Birsa Munda

Indian tribal freedom fighter

Birsa Munda (15 November 1875 – June 9, 1900) was an Indian tribal freedom fighter, religious leader, and folk hero who belonged to the Munda tribe.

Birsa Munda statue by Nabhendu Sen at Naya More, Bokaro Steel City, Jharkhand


  • Birsa Munda, whose Munda rebellion started with attacks on mission posts in 1899, claimed to have visions after the mode of the Biblical prophets, but told his flock to give up animal sacrifice, witchcraft and intoxication and to wear the sacred thread, all amounting to a kind of self-sanskritization. While such charismatic leaders come and go, the tradition of tribal nativism continues, and the VKA seeks to channel it towards integration into a larger Hindu activism. Gérard Heuzé ... aptly notes that the tribal rebellions of the 19th century, such as the 1830 Kol movement, the 1855 Santal Hoot and the 1899 Birsa rebellion, were incorporated by the Freedom Movement in its vision of a native tradition of struggle against foreign invaders (embodying 'the authentic spirit of the nation'), though in fact, exploitation by native (Hindu and Muslim) landlords and money-lenders had also played a role in provoking the tribals into rebellion.
    • Elst, Koenraad (2002). Who is a Hindu?: Hindu revivalist views of Animism, Buddhism, Sikhism, and other offshoots of Hinduism. ISBN 978-8185990743, with reference to Gérard Heuzé (Où va l'Inde moderne? p. 1 33)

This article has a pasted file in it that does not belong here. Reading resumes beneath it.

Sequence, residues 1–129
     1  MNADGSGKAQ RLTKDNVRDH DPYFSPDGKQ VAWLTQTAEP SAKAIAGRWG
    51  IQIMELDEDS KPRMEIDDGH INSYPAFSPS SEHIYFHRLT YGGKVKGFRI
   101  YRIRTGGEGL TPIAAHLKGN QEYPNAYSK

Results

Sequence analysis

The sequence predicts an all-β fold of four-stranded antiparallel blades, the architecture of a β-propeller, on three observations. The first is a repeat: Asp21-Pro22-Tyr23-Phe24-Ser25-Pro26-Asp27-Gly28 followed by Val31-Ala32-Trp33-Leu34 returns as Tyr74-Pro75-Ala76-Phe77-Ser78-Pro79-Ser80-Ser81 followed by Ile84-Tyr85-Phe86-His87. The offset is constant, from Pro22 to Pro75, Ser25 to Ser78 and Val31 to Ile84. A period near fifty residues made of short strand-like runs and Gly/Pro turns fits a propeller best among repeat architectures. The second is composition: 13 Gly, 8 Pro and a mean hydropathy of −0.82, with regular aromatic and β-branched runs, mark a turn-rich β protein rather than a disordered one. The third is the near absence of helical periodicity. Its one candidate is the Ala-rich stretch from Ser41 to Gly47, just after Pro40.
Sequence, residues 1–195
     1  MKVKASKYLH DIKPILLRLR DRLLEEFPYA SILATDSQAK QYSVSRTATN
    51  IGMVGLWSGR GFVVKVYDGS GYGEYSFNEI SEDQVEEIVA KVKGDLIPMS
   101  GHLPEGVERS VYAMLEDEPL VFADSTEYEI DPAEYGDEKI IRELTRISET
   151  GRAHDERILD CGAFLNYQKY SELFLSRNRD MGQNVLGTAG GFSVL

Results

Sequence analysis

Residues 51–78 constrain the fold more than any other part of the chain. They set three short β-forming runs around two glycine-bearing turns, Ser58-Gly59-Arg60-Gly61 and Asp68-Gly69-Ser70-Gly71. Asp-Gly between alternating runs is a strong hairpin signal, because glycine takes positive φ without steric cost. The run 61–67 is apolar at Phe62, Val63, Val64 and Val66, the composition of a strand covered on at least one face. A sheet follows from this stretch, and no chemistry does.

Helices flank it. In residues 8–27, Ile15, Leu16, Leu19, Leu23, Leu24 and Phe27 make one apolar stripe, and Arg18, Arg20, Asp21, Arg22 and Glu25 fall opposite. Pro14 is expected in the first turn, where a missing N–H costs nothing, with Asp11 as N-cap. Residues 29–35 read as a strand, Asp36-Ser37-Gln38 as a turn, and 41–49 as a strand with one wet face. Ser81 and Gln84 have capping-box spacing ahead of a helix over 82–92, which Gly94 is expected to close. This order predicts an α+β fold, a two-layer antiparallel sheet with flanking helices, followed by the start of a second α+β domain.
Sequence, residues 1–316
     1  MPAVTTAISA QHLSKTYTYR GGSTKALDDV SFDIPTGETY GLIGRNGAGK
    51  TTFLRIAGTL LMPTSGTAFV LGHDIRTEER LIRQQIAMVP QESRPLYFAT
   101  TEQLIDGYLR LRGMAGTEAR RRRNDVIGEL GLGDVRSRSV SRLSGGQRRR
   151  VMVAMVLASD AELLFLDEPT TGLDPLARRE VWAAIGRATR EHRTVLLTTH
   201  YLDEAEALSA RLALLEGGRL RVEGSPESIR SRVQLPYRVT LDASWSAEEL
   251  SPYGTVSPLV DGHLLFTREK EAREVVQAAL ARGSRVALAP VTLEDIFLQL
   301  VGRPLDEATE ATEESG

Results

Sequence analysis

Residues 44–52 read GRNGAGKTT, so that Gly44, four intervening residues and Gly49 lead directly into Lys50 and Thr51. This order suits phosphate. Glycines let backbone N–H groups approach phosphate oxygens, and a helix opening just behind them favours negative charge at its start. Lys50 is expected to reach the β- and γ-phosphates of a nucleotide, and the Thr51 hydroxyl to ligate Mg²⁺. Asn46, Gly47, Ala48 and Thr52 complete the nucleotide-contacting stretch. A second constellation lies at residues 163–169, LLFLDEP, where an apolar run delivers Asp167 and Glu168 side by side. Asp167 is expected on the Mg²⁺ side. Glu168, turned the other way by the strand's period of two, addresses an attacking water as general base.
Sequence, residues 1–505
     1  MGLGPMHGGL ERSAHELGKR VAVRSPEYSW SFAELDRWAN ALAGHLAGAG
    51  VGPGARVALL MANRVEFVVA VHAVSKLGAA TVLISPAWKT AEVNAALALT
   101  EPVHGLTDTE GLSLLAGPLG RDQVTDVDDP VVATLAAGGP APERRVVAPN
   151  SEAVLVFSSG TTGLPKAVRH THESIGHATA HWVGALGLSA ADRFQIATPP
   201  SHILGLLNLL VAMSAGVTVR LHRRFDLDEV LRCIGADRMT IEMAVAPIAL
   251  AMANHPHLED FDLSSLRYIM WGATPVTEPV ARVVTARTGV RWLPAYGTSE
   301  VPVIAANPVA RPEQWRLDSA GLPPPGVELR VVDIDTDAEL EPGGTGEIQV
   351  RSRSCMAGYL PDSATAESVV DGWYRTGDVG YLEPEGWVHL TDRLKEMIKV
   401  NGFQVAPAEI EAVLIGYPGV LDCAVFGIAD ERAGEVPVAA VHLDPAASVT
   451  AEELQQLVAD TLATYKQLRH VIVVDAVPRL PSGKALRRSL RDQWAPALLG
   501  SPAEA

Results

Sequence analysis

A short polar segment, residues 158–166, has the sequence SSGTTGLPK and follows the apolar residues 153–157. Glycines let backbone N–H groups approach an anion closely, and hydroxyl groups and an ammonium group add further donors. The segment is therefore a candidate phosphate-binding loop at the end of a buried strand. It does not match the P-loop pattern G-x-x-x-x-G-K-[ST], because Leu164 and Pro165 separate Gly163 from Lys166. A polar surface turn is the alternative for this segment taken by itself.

• Thus, since 1947, several legal amendments to prohibit and effectively thwart conversions by force or fraud (practices documented in the 1956 Niyogi Committee Report, internationally misrepresented by missionaries as an attack on the freedom of religion) were pushed by tribal MPs. For another example, the genuinely indigenous revolt led by Birsa Munda in 1899 was modelled on the Hindu reform movement Arya Samaj (he wanted his fellow tribesmen to renounce witchcraft, intoxication and animal sacrifices, and to wear the Brahminical sacred thread), and started with an attack on a mission post. Birsa receives only a single and quite scornful mention in this book, eventhough he is still a national hero for the Mundas.
    • Elst, K. Father Rasschaert's martyrdom, India, Shanti Darshan Belgo-Indian Association (1996) [1]
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